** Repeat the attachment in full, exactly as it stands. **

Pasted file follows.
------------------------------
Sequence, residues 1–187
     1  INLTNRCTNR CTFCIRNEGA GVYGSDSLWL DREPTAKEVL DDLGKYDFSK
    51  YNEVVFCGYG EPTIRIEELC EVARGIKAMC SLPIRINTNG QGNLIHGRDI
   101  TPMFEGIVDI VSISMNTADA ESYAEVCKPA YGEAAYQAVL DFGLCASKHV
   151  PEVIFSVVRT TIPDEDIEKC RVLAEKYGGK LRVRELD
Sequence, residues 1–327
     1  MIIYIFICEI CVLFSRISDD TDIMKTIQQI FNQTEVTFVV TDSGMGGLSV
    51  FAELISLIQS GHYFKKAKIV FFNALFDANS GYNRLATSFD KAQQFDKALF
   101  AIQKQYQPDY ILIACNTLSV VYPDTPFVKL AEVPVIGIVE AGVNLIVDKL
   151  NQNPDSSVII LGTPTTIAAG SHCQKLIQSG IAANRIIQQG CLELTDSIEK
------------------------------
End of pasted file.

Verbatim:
Sequence, residues 1–187
     1  INLTNRCTNR CTFCIRNEGA GVYGSDSLWL DREPTAKEVL DDLGKYDFSK
    51  YNEVVFCGYG EPTIRIEELC EVARGIKAMC SLPIRINTNG QGNLIHGRDI
   101  TPMFEGIVDI VSISMNTADA ESYAEVCKPA YGEAAYQAVL DFGLCASKHV
   151  PEVIFSVVRT TIPDEDIEKC RVLAEKYGGK LRVRELD
Sequence, residues 1–327
     1  MIIYIFICEI CVLFSRISDD TDIMKTIQQI FNQTEVTFVV TDSGMGGLSV
    51  FAELISLIQS GHYFKKAKIV FFNALFDANS GYNRLATSFD KAQQFDKALF
   101  AIQKQYQPDY ILIACNTLSV VYPDTPFVKL AEVPVIGIVE AGVNLIVDKL
   151  NQNPDSSVII LGTPTTIAAG SHCQKLIQSG IAANRIIQQG CLELTDSIEK